Mr. Wok writes: Kernel magazine has an interesting article about Google and its misbehaviors along the years. It also suggests that Google can't continue this for long, but will be indeed regulated in near future. "Google reminds me of Adam, the cute, 100-foot-tall toddler in the 1992 Rick Moranis film, Honey I Blew Up the Kid. In case you missed it, Adam keeps stumbling over buildings, mistakes real cars for toys, and ultimately threatens the existence of Las Vegas". From Street View Wi-Fi snooping to illegal pharma advertising and privacy violations, Google keeps finding innovative new ways to get itself in trouble several times a year. "Google isn’t just collecting information in the abstract, as advertisers have always done; it’s collecting information about you, exactly as if it were listening in to all of your phone calls, peering though your windows to see which books and articles you read, watching you through hidden cameras to see which television shows you watch, following you from shop to shop to track your purchases, and then transcribing all of this information and indexing it for later use and resale. — No private, unregulated company should have the kind of power Google has amassed. To leave power of this magnitude in the hands of corporate executives or, worse yet, inscrutable automated bots – no matter how benign, well-meaning and snoogly-googly they claim to be – is imprudent, if not insane."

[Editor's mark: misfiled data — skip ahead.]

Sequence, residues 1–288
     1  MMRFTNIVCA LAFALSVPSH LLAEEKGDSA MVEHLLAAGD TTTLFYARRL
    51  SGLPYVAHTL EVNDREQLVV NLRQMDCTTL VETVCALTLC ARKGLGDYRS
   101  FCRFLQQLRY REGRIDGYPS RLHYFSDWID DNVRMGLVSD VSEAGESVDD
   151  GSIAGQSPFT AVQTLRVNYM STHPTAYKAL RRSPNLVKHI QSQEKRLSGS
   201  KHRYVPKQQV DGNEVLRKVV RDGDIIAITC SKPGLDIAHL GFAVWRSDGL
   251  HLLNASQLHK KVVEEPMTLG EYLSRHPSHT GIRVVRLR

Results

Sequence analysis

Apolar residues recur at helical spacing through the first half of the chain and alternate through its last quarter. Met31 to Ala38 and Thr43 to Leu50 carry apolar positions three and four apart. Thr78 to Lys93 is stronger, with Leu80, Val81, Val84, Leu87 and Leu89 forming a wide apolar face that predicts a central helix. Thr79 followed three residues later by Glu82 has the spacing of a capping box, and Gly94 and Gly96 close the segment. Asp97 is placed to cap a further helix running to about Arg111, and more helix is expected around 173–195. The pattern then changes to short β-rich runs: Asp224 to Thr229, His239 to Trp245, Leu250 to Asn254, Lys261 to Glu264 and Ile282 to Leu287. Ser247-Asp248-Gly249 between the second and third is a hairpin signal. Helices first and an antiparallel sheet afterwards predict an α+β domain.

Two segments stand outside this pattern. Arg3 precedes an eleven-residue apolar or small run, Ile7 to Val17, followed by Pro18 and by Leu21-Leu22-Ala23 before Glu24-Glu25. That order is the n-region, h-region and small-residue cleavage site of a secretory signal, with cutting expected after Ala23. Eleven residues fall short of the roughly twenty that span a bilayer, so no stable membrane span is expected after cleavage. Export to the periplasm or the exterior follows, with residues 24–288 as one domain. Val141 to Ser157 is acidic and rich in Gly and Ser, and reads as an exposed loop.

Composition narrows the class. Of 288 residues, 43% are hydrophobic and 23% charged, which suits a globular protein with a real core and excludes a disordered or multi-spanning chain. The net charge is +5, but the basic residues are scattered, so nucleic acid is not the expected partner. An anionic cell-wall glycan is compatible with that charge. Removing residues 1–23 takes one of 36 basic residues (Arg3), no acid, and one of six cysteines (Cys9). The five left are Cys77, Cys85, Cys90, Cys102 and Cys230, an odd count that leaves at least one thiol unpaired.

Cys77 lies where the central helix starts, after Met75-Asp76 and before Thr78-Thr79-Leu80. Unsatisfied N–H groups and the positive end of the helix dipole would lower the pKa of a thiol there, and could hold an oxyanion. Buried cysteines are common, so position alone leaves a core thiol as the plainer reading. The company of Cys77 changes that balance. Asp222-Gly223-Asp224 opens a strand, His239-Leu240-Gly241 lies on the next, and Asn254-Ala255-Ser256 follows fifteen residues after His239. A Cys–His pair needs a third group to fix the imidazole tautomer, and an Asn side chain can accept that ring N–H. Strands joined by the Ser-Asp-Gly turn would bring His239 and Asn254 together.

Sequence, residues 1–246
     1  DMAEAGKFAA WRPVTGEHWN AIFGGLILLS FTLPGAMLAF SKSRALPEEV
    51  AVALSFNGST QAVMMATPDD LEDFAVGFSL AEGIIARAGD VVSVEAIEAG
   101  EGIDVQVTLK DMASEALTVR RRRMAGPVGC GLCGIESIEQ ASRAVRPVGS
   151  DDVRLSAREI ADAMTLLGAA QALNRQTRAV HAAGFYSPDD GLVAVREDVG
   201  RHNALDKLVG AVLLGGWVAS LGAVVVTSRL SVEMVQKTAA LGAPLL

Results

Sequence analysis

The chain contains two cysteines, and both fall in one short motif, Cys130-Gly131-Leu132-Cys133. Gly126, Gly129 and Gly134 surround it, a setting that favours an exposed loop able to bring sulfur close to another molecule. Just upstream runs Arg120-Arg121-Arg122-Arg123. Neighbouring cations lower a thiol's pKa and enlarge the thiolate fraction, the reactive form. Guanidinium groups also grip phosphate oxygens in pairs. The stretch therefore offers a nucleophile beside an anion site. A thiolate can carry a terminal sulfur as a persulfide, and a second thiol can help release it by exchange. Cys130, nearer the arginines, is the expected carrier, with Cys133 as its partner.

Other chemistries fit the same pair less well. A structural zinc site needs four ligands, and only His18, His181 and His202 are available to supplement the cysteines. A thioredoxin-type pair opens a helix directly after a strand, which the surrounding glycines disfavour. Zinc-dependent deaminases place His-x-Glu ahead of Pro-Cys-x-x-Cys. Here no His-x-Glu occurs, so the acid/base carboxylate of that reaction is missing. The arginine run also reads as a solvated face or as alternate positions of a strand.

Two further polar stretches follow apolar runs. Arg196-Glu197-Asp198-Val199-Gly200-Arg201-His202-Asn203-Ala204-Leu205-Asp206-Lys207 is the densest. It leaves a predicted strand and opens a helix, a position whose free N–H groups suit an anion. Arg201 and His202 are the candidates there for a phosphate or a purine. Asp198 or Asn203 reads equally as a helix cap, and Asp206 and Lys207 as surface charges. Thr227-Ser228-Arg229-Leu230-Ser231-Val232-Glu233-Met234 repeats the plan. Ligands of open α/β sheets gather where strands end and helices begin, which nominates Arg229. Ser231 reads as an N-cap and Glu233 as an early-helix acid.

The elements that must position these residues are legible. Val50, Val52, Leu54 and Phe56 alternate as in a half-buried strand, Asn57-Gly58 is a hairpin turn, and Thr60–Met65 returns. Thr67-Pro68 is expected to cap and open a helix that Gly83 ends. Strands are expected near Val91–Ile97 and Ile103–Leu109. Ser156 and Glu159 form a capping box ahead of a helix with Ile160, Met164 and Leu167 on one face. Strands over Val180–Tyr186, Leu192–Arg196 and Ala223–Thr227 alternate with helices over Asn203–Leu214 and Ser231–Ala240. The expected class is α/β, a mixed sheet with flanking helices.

I have lived there. There's lots of corruption. TPB admin also had huge drug problem, which most likely is why he chose Cambodia. He didn't go there for any kind of political asylum, he went there to hide from Sweden and to use drugs.
Read khrem440 forums or ask any expat living there.. everyone knew about his drug problems. He also lived in an apartment that cost $750 a month. That's huge rent for a country where people earn like $30 a month.
It's beyond stupid to suggest that Sweden paid Cambodia for TPB admin. Why would they do that? It's not personal. And this is Cambodia we're talking about. There would be no need to pay $40 million to the whole government, just a little to one or two people with connections to immigration office.